Over the past few years – and particularly during the COVID-19 pandemic – there has been a lot of talk about the pros and cons of a shorter working week on employee productivity, as well as their wellbeing.
Between 2015 and 2019, Iceland trialed a reduction of working hours from 40 hours to 35-36 hours without a reduction in pay.
The study began because of pressure from trade unions and civil society organizations, and the national government and the capital Reykjavik City Council responded by setting the trial up.
It started small, but swelled to 2,500 workers (around 1% of Iceland’s working population), and included both those who work a standard nine to five and those who work shifts, as well as a range of employers, including schools, offices and hospitals.
Now the results of the four-year study, and some follow ups, have been analyzed and published by think tank Autonomy and Iceland-based research organization Association for Sustainability and Democracy.
The results show that the productivity of the Icelandic employees – and managers – who took part either remained the same or improved while working fewer hours. There was also no change in workload, just a need to adjust how it was tackled.
In addition, as a result of the shorter working week, employee wellbeing significantly increased; they experienced less stress and burnout, and managed to achieve a better, more harmonious work-life balance.
As a result, employees reported that they felt more energized and able to do more activities in their free time, including spending time with family and family, exercise and hobbies.
There was also less interest in moving to part-time as a result of this shorter working week. This is potentially because working a few fewer hours a week freed up time for employees to do errands in the week, and then have their weekends freer for fun activities.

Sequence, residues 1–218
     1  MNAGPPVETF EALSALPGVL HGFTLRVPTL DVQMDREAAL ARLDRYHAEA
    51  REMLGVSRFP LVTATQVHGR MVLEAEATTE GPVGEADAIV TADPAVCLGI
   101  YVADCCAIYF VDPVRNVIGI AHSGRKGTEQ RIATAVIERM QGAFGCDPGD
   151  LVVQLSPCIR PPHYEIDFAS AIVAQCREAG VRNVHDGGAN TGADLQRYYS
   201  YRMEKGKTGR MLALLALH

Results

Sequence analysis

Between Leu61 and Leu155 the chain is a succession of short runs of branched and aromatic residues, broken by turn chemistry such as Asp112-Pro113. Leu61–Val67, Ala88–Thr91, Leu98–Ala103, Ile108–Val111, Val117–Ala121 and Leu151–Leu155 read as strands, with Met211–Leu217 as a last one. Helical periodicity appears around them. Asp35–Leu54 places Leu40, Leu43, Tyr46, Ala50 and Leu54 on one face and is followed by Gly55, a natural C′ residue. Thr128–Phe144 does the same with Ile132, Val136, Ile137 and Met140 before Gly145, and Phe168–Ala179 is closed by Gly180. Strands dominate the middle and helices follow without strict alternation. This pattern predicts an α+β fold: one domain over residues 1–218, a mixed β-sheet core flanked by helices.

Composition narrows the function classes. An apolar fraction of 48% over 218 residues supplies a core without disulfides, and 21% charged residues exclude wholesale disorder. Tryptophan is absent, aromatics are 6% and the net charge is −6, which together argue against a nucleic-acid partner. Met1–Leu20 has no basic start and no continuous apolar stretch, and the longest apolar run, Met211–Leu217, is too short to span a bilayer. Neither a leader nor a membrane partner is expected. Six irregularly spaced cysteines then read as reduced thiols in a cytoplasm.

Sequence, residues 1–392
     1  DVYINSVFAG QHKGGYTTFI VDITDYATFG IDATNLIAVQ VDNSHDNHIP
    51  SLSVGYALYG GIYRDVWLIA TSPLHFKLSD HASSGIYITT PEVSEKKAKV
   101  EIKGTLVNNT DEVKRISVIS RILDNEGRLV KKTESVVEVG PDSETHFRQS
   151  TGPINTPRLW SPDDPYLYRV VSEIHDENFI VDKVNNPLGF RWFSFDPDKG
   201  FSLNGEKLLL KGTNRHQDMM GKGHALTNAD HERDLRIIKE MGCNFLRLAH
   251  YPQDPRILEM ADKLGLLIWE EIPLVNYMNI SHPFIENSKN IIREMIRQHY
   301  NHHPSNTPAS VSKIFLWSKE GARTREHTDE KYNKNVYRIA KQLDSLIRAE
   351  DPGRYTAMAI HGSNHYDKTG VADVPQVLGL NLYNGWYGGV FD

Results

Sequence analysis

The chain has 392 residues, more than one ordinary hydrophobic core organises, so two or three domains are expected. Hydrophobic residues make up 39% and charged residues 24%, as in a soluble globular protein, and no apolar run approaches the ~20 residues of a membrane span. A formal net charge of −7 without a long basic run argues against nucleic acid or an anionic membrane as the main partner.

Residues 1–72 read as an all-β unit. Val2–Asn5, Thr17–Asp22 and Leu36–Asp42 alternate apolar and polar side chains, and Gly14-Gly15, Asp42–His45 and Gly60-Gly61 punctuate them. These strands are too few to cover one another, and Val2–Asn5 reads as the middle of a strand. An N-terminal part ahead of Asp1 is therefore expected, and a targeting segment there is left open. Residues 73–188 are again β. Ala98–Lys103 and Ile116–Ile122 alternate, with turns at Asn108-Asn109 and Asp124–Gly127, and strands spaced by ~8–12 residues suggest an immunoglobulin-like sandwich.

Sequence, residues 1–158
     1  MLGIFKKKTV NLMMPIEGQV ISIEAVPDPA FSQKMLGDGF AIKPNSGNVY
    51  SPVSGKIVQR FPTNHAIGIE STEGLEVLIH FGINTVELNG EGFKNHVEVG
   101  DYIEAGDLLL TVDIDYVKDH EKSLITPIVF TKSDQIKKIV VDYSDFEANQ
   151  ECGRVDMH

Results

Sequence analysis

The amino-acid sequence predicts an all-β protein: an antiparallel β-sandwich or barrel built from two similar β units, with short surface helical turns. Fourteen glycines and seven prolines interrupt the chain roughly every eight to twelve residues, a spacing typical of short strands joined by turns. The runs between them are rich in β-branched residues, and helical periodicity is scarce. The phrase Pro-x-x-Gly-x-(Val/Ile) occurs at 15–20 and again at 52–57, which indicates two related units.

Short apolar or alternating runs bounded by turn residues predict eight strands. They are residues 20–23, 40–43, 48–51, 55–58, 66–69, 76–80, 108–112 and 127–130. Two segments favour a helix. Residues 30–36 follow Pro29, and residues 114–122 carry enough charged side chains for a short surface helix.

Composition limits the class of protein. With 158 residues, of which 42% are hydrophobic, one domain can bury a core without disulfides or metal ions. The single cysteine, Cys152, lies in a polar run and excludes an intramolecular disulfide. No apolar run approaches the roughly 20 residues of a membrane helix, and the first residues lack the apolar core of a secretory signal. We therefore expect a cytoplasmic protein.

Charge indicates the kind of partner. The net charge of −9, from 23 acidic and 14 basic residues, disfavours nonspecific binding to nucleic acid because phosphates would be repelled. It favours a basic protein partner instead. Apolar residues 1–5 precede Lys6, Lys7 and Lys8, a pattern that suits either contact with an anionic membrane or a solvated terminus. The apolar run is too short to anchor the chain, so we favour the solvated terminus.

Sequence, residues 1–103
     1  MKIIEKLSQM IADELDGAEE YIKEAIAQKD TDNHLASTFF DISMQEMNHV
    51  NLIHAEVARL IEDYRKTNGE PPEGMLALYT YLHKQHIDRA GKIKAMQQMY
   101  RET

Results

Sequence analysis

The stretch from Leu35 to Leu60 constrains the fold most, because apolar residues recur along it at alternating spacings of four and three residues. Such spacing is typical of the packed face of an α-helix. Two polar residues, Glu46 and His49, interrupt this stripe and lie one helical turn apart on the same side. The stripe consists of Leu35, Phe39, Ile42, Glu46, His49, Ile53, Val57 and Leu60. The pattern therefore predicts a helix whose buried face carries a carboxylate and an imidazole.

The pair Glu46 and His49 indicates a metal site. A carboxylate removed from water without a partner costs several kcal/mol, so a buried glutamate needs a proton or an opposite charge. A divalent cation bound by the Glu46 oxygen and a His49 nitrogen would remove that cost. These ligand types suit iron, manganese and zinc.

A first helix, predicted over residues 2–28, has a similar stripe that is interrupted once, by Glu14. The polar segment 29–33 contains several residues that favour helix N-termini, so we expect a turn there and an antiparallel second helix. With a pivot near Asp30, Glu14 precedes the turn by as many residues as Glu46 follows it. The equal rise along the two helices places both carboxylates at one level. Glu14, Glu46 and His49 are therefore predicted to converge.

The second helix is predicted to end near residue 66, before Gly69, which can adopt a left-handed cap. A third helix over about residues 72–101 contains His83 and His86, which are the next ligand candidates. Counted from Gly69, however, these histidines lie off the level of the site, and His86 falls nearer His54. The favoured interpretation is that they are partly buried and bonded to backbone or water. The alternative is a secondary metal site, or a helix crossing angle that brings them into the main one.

Another interesting element is that this study did not confirm the concern that a shorting working week leads to overwork as workers try to make up the ‘lost hours’ through formal or informal overtime.
Instead, the results showed that employees, and managers who wanted to set an example, did actually work fewer hours.
This was because workplaces actively focused on introducing new work strategies – including fewer, shorter meetings, cutting out unnecessary tasks, fewer long coffee breaks and changing shift arrangements – and ensured that tasks were organized collaboratively between teams.
It also seems that employees were being more disciplined about the hours they worked and were less likely to work late.
The report concludes: “These effects were profound, and the trials were unsurprisingly popular among both staff and managers.”
This links with why the managers reported that job adverts stating reduced working hours attracted more applicants.
“Importantly, the widespread benefits on physical and psychological health, which we have seen here described by the trials’ participants, were sustained over the trials’ long timespan.”
As a result of the trial, Iceland’s trade unions have been pushing hard for Icelandic workers to have access to reduced working hours long-term. Now, 86% of the country’s workforce are working fewer hours or gaining the right to do so.
Therefore, the report adds: “This resilience, combined with the widespread uptake of shorter working hours contracts amongst Icelandic workers, can lead us to hope for transformative long-term health effects on workers, owing to less stress and burnout coupled with improved morale and wellbeing at work.”
Over the past year, attitudes towards the way we work have changed dramatically. Flexible working looks set to be the future for most, but these findings support the global roll out of shorter working hours or weeks to tackle the burnout crisis the pandemic has created?
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